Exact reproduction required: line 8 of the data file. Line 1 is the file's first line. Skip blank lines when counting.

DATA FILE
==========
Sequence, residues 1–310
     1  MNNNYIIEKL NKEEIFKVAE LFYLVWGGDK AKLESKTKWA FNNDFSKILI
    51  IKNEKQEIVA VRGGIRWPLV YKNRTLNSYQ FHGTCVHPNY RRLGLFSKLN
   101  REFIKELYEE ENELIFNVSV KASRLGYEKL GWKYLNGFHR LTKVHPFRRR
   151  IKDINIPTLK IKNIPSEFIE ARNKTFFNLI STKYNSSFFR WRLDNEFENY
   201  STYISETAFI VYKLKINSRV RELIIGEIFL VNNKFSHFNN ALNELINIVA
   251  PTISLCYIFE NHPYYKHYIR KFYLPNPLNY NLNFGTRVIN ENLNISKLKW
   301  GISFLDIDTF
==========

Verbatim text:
   301  GISFLDIDTF